If your baby is highly sensitive by nature, you will probably see this character trait continue as he grows older. He is likely to be cautious, conscientious, fearful, sensitive to other people's moods, and easily overwhelmed by new experiences. You will need to be aware of his tolerance level for stimulation, and let him adapt to changes at his own pace.

With your love and support, your sensitive baby can grow into a highly intuitive, thoughtful, creative, and gifted child. Remember, however, that your sensitive baby may need to cry about things that do not distress other babies at all, and this greater need to cry will probably continue as he grows older.

Another guideline for appropriate stimulation is the age of your baby. Newborns are particularly easy to overstimulate, even those who are healthy and born at term, because everything is new and incomprehensible (except for the sounds of a human body and movement). They have enough stimulation to cope with from ordinary routine care, especially if they are carried or held much of the time.

They must adapt to lights and colors, sounds, changes in temperature, hardness and softness, wetness and dryness, stillness and motion. They receive a considerable amount of stimulation from being caressed, diapered, washed, clothed, carried, spoken to, and rocked.

They must adjust to the new sensations of breathing, nursing, digesting, urinating, defecating, burping, smelling, and crying. This takes some time because everything is so different from their experiences in the womb. Much of the crying that occurs in the early months may be due to over-stimulation. As a general guideline, the younger the baby, the easier he is to overstimulate.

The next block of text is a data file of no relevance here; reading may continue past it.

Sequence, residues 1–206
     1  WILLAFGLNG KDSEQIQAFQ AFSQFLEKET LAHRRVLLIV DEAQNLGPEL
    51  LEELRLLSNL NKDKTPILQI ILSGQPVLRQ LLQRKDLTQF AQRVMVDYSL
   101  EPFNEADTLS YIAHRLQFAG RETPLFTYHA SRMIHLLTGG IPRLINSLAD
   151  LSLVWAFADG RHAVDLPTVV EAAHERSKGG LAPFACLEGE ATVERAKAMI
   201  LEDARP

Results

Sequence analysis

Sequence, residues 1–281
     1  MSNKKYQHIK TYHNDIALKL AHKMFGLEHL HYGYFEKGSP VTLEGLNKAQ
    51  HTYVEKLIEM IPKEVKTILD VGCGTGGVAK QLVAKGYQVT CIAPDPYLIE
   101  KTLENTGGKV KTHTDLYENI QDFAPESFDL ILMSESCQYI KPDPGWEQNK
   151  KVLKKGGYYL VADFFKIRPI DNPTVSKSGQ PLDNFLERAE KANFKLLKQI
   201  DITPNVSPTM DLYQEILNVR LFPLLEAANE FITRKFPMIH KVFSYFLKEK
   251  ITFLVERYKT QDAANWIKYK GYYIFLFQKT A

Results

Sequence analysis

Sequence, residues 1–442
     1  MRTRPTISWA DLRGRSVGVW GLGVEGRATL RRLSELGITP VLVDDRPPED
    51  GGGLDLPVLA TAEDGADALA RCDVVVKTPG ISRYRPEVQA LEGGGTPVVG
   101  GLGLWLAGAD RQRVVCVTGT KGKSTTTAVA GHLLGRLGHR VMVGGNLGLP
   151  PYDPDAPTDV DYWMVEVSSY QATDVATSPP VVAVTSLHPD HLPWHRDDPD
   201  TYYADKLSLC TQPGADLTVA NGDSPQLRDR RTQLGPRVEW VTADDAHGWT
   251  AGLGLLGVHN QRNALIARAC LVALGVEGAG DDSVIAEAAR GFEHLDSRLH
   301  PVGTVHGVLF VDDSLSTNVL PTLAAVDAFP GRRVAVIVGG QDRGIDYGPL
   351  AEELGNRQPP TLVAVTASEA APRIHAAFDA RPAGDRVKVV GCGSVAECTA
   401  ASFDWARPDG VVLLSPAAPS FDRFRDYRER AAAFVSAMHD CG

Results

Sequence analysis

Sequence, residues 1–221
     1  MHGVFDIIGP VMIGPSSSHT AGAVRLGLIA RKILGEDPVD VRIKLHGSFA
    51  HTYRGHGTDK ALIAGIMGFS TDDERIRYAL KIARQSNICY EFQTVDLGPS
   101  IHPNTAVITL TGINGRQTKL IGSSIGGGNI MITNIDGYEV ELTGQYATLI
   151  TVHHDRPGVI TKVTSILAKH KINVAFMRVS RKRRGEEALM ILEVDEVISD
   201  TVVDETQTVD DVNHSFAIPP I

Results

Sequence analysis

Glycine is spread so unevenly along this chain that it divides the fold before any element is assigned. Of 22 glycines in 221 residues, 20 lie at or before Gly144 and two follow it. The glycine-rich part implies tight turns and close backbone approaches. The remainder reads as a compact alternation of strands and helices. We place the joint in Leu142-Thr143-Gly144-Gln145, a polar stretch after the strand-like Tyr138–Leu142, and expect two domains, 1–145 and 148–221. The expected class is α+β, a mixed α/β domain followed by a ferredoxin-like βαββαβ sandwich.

Touching or holding your newborn will not overstimulate him, because the need for physical contact is so great. Instead, it is wise to protect your newborn from too much new visual or auditory stimulation during the early weeks. Parents of fretful newborns often think that their infant is bored, so they take him for rides and excursions.

Such experiences are meaningless to young infants and only contribute to over-stimulation and confusion. Until two or three months of age, babies don't like novelty, and tend to prefer looking at pictures with which they are familiar. Nothing seems to bore them.

When your infant reaches two or three months or age, his need for new stimulation will increase, and he will begin to look longer at new pictures than at old, familiar ones. However, the type of stimulation three-month-olds most prefer is that which is only moderately different from familiar experiences. It is your role to fill this new hunger for stimulation, because your baby cannot do it for himself.

Later, when your baby learns to crawl, he will be able to create his own change in stimulation. But until that time, your baby is fairly helpless, and you may find him quite demanding in a new way after three months of age, because his need for stimulation increases. You can fill this need by frequently carrying your baby around with you, and by interacting with him. When you put your baby down, be sure that he has objects within reach, colorful things to look at, and music to listen to.